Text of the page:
The consequence of this was not only that Medicare was defrauded but that the nursing care which Beverly claimed it was giving to Medicare patients was not given. It is little wonder that the federal government agencies that received the Medicare figures (Medicaid was a state run system) did not believe the claims that Beverly was understaffing. These fraudulent actions have to be seen in the context of the allegations of severe understaffing and substandard care in Beverly facilities.
The terms of the settlement:- Far more interesting is the way in which the fraud was settled. Serious fraud actions are normally prosecuted with both a criminal action and a civil action. The civil action claims both the amount defrauded and triple this amount as a deterrent. The sum claimed from Vencor in this way amounted to US $1.4 billion. The criminal conviction carries a smaller monetary penalty and depending on the offence a goal sentence for the individuals involved. Anyone convicted of a criminal offence is barred from Medicare and Medicaid payments by law. This effectively puts them out of the health care business.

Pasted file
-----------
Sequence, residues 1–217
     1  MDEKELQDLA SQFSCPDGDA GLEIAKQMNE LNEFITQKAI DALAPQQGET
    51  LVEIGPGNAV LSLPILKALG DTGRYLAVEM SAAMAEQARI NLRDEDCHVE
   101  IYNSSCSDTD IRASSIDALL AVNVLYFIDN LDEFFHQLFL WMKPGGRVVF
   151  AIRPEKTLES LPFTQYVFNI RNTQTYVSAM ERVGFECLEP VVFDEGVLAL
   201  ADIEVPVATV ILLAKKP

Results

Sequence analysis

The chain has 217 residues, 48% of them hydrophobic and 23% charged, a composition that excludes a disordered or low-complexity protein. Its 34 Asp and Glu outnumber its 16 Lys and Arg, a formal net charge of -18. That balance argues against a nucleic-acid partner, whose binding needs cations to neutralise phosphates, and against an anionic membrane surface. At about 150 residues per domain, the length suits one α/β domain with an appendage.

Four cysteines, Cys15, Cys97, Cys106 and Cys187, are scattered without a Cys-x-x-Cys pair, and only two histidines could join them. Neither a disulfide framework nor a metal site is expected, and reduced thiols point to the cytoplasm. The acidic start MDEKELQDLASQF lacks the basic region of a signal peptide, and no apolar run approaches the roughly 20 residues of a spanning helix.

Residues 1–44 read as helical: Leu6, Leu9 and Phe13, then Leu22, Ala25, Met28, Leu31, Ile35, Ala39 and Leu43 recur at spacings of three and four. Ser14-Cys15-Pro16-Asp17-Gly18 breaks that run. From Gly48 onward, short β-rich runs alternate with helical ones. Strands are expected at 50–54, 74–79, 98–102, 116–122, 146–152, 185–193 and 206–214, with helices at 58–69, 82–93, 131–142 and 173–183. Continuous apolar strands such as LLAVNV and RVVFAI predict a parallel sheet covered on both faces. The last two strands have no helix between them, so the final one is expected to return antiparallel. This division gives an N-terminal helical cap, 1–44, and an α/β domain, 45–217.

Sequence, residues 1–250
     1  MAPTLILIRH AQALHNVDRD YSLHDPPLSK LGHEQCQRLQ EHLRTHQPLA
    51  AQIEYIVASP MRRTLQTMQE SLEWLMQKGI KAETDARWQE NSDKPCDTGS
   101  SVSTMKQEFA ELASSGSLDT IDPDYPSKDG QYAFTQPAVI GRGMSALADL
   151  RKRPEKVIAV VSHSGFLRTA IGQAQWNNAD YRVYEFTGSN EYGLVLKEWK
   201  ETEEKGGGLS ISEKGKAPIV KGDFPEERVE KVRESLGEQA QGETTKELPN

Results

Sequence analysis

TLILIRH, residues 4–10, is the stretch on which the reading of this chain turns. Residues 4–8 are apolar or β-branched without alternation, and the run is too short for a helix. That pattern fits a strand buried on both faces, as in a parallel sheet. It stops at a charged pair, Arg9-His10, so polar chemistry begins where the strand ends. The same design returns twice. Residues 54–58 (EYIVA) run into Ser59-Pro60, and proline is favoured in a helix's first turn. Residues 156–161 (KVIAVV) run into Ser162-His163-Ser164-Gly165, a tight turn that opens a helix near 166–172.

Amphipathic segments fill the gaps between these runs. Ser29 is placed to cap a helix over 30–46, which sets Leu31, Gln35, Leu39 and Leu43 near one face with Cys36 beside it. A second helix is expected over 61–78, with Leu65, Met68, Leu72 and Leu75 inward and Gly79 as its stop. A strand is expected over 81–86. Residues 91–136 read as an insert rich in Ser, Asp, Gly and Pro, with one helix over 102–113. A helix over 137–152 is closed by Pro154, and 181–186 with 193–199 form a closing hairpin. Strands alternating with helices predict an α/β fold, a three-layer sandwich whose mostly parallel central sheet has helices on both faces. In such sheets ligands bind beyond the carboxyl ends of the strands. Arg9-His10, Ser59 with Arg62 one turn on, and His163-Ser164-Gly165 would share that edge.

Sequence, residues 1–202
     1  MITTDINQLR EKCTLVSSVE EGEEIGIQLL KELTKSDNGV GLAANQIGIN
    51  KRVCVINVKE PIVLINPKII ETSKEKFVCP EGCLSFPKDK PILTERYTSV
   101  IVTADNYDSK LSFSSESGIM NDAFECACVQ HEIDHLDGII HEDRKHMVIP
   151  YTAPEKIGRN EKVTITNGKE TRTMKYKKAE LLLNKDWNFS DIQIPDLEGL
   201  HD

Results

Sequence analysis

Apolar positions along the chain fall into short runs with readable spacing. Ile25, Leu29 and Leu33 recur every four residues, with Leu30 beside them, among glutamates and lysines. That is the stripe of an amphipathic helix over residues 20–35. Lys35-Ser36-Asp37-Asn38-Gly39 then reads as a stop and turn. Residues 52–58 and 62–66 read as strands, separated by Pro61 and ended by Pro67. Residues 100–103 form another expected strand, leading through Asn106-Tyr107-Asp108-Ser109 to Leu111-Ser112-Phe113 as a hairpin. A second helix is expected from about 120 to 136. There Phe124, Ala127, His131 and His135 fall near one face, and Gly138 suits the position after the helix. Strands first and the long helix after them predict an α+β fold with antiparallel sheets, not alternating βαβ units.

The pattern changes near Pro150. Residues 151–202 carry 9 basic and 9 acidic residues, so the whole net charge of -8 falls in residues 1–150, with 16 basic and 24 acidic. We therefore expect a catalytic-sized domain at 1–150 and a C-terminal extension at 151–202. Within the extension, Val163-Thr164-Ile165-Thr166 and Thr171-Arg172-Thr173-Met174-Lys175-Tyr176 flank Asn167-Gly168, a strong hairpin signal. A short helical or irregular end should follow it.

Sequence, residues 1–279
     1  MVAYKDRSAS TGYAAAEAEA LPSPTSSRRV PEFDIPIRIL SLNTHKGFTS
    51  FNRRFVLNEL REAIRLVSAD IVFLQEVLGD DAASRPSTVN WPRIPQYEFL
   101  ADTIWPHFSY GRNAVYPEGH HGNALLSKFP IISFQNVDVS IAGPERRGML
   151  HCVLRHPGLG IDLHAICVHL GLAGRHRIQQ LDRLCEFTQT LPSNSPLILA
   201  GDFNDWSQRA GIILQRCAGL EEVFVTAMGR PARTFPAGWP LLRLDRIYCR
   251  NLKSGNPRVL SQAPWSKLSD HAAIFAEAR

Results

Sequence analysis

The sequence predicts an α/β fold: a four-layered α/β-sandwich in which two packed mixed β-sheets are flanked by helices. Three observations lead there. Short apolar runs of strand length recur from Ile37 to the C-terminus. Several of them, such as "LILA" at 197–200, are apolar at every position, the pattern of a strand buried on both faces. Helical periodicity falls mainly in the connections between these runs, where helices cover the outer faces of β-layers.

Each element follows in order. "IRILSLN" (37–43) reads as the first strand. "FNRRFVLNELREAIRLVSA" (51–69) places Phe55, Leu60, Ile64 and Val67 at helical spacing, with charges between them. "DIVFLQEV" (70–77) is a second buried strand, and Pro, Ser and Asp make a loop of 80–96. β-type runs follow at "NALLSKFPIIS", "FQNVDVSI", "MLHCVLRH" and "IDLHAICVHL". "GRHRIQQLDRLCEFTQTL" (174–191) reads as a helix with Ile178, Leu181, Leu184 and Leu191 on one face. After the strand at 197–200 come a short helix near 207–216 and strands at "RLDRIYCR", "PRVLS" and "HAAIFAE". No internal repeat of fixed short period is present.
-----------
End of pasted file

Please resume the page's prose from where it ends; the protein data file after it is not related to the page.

Beverly negotiated a settlement for US $175 million, less than half the claimed US $460 million fraud. This company which owns 500 facilities which it could sell will pay $30 million only. The rest will be paid over 8 years and will be subtracted from its annual Medicare payments. One wonders if they could borrow money to buy homes so cheaply!